"Rules Relaxed, But Will It Open Up the Skies?" from the Globe and Mail reports that "industry analysts agreed that the deal sounds fine on paper but cautioned that, in reality, most airlines are scaling back and not adding overseas routes, citing weakened travel demand. The world's airline industry remains protectionist, and allowing full-fledged competition within Canada isn't in the cards, analysts say."
Tuesday, December 9, 2008
The European Union and Canada have just reached an historic agreement on air transport services. The new agreement, which is expected to come into effect during the first half of 2009, will grant parties' carriers the unlimited freedom to operate direct services between any point in Europe and any point in Canada. It will also grant more freedoms for carriers on both sides to enter into code-share arrangements with other airlines.
More intriguing than what the agreement immediately grants is what it promises for the future. Following the first phase of new rights in 2009, the agreement envisages three additional phases of liberalization which will ultimately allow each parties' investors to set up and control new airlines in each others' markets and full cabotage rights. Though there is no set timetable in the agreement for the implementation of these phases, the second phase--which will begin once Canada allows European investors to own up to 49% voting equity in its carriers--will give Canadian cargo carriers full seventh-freedom rights. The Canadian Government has already been under pressure from Air Canada to raise the foreign investment cap from its current 25%. Now the EU has given it a further incentive to do so.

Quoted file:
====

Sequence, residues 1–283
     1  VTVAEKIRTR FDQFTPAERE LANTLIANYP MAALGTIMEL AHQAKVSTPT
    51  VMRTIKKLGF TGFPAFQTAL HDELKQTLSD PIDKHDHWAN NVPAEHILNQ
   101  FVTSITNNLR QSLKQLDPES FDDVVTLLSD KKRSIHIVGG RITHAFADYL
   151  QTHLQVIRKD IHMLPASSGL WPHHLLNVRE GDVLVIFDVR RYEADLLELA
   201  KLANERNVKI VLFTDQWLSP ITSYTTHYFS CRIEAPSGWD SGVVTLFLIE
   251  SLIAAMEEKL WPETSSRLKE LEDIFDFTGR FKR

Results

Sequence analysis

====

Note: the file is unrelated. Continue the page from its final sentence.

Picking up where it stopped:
For more information on the new agreement and its history, visit the European Commission's Air Transport Portal here.
Monday, December 8, 2008
While a number of commentators have adopted the approach of Chicken Little when it comes to the possibility of European Union Member States suspending rights under the 2007 U.S./EC Air Transport Agreement should the U.S. fail to relax its foreign ownership rules for airlines or grant cabotage rights to EU carriers as part of the second-stage negotiations to expand the first Agreement, the U.S.'s chief negotiator is more circumspect.